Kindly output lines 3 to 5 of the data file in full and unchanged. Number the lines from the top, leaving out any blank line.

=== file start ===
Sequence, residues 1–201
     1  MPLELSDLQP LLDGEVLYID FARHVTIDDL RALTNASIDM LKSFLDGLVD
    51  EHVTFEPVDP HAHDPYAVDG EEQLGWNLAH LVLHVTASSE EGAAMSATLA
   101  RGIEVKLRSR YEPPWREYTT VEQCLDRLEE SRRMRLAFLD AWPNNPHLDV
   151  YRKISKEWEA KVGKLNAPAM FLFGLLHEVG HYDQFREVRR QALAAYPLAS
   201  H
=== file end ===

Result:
    51  EHVTFEPVDP HAHDPYAVDG EEQLGWNLAH LVLHVTASSE EGAAMSATLA
   101  RGIEVKLRSR YEPPWREYTT VEQCLDRLEE SRRMRLAFLD AWPNNPHLDV
   151  YRKISKEWEA KVGKLNAPAM FLFGLLHEVG HYDQFREVRR QALAAYPLAS